Vatabedian: How Not to Childproof Your Home

I have five grandchildren who are absolute angels—until they visit my home. Then they turn into bulldozers and raise havoc with my belongings. That’s when the devil in them surfaces.

Okay, so the 7-month-old has yet to be housebroken but his two brothers, ages 2 and 3, more than take control of matters. They have two cousins, ages 8 and 6, who compete for attention by adding to the turmoil.

Great when they’re alone, but put them together and it’s disaster. I don’t blame them. I fault myself for exposing my vulnerability. I make it too easy for them to get into mischief.

Take last year, for instance, when they dropped by for Mother’s Day. Oops! I had left a box of chocolates on the coffee table and the next thing I knew, it pulled a disappearing act. An overdose of sugar is like putting octane into a racer. Out of control.

Had I known better, the chocolates would have gone into the closet along with my wife’s silverware, out of view.

Why I had left my CDs exposed is anybody’s guess. Fine when they were in the den but right there accessible in the living room. The 3-year-old zoomed right to the cache and in one fell swoop, dropped them to the floor.

If that wasn’t bad enough, he began opening the jackets and flipped them around like Frisbees until there were CDs flying by my head straight toward the windows. For every one I retrieved, two others found their mark elsewhere, including my favorite Neil Diamond collection.

I called a “time out” and invited the gang to settle down and work on some puzzles. Big mistake. Four boxes were opened and it turned in to a “mix and match” game. The Sesame Street characters found their way into the Loony Tunes box. And the Santa puzzle just happened to get mixed with the Easter Bunny.

Why I didn’t think of one box at a time is beyond me. It took me half a day to straighten it all out by myself.

The magnetic dart game I always hide behind the sofa needs a new spot. The 6-year-old retrieved it and hung the bulls-eye mat over the handle to the glass door. “One dart for everyone,” he yelled.

Had I stepped into the line of fire, my death benefits would have kicked in. Thankfully, I was able to retrieve them all before any damage was done. I found a place for them inside the refrigerator.

Movie time!

“This will keep them quiet,” I assumed.

The 2-year-old had already been up to his tricks by hiding the remote that was left out and pushed all the wrong buttons to throw the system out of kilter. Nothing worked.

The DVDs were strewn about the floor like the aftermath of a bargain sale. Having a stereo system unprotected is worse than an arcade free-for-all. In goes one button and out comes another. The volume gets turned to 10 and on comes a rock station that’s 7.5 on the Richter scale.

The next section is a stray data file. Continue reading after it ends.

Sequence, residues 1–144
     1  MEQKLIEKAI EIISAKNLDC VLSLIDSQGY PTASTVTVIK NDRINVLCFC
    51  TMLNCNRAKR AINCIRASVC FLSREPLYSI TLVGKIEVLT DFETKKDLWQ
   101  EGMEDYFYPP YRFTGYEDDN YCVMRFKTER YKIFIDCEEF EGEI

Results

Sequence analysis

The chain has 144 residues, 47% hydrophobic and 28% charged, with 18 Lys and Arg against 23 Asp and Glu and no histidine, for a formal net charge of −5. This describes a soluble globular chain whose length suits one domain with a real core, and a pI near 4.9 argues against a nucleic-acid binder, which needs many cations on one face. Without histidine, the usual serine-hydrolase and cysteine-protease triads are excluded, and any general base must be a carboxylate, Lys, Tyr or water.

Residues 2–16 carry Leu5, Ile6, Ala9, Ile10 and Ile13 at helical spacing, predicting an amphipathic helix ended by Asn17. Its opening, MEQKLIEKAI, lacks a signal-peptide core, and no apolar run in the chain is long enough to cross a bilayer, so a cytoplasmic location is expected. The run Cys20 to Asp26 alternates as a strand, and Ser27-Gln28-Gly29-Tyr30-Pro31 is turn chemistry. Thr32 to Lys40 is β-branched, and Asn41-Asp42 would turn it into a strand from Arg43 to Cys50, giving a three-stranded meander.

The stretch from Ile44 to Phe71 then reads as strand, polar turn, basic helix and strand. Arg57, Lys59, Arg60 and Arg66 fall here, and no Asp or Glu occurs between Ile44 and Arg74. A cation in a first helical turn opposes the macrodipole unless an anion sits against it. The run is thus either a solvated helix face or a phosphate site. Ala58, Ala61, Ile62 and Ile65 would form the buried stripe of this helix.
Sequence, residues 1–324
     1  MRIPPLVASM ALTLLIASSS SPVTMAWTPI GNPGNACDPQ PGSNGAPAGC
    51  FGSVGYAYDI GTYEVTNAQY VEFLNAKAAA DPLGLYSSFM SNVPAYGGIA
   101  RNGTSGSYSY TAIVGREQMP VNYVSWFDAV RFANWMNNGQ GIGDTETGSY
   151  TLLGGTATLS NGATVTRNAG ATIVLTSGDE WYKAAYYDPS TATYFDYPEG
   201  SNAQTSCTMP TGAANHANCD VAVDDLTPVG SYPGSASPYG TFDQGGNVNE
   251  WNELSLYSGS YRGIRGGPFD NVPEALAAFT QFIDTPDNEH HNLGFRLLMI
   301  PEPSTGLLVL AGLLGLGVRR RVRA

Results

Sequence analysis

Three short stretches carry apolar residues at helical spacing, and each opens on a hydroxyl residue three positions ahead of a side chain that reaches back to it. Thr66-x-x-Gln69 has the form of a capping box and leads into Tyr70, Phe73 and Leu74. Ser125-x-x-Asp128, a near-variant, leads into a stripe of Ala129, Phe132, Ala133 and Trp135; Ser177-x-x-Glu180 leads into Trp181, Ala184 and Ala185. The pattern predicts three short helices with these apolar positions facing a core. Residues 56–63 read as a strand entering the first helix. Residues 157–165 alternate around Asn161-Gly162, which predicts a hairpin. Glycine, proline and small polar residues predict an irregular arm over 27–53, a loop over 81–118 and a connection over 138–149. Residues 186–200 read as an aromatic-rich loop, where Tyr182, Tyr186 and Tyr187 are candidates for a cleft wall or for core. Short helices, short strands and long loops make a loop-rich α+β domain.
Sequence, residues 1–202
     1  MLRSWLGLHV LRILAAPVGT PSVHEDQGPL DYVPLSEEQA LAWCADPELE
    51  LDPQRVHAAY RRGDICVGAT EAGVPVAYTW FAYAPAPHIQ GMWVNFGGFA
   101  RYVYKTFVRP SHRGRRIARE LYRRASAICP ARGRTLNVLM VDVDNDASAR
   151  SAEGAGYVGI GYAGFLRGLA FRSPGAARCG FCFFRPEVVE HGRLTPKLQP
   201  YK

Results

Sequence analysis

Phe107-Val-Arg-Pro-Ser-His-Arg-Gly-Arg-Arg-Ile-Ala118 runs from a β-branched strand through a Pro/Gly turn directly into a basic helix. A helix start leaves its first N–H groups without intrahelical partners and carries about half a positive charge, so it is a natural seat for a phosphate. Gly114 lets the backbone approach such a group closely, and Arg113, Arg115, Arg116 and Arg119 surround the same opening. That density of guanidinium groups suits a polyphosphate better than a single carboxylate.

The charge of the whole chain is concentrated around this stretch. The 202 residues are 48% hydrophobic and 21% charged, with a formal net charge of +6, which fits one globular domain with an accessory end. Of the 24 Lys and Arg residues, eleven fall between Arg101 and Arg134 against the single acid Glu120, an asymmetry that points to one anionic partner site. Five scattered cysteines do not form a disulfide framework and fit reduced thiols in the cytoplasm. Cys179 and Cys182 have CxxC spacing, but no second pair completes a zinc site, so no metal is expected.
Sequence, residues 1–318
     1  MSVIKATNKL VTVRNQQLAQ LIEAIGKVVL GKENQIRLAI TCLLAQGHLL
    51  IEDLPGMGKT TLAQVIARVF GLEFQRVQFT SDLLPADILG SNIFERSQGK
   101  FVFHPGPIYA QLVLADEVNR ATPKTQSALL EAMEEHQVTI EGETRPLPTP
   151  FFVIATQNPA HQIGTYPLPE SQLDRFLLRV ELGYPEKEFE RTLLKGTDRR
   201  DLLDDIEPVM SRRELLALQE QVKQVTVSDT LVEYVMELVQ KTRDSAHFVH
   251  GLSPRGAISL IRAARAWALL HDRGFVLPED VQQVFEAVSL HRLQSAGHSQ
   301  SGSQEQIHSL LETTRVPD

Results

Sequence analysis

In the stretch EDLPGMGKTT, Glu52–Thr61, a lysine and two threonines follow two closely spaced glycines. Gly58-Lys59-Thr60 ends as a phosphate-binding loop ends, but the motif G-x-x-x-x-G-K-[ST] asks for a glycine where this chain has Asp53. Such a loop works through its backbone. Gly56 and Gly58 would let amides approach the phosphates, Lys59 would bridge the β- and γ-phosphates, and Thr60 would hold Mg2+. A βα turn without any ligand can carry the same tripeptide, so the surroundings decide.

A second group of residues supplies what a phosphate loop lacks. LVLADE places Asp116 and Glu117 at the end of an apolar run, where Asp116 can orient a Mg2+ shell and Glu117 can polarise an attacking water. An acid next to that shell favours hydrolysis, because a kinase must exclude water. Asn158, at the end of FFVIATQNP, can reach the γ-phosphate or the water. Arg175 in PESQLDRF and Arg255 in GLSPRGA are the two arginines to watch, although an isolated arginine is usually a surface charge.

The crayons were strewn about and the photo album I had on a coffee table featuring their Disney trip had pages torn away and crinkled. A paint set was retrieved from a desk drawer, ready for activity. The only brush available was turned into fragments.

The little rubber ducky we had purchased for each of the little ones found better pleasure in a toilet bowl. No way could I childproof that unless I flushed out the water and turned the valve. What if nature suddenly called?

We’re our own worst enemies. Into the top departments we go, looking for merchandise to keep them occupied and the urge to hide it all suddenly becomes overwhelming. What kids can’t see, they can’t destroy or turn your home into an endangered zone.

Putting everything under lock and key might be akin to a prison, and who wants to turn a home into one when the children visit? Besides, I have insurance.

I recall once taking my own youngsters to a home where all the furnishings were covered with plastic and nothing was left in harm’s way. Quite frankly, it was a brazen atmosphere, one I would certainly not entertain for myself. We make it personable around here.

It’s always nice when we visit their home. No mess to clean. No damage done. The grandchildren seem to be more deliberate in their own surroundings. A broken window in the living room is in need of repair. One of the boys decided to try out a toy hammer.

The best thing about grandchildren is that you can enjoy them without supporting them. Still can’t find that remote.

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Tom Vartabedian

Tom Vartabedian is a retired journalist with the Haverhill Gazette, where he spent 40 years as an award-winning writer and photographer. He has volunteered his services for the past 46 years as a columnist and correspondent with the Armenian Weekly, where his pet project was the publication of a special issue of the AYF Olympics each September.
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1 Comment

  1. To Mr. Tom

    Without Babies singing voice 
    There is no life

    Without children 
    There are no songs to change our life

    Without grandchildren
    Our flat walls will never laugh 

    So bless your home
    And let God give you long life
    To see them always around… 

    And pray for Me
    To have the same

    And every Armenian home
    To be blessed by clever children
    And grandchildren alike.

    Sylva-MD-Poetry
    Written Instantly

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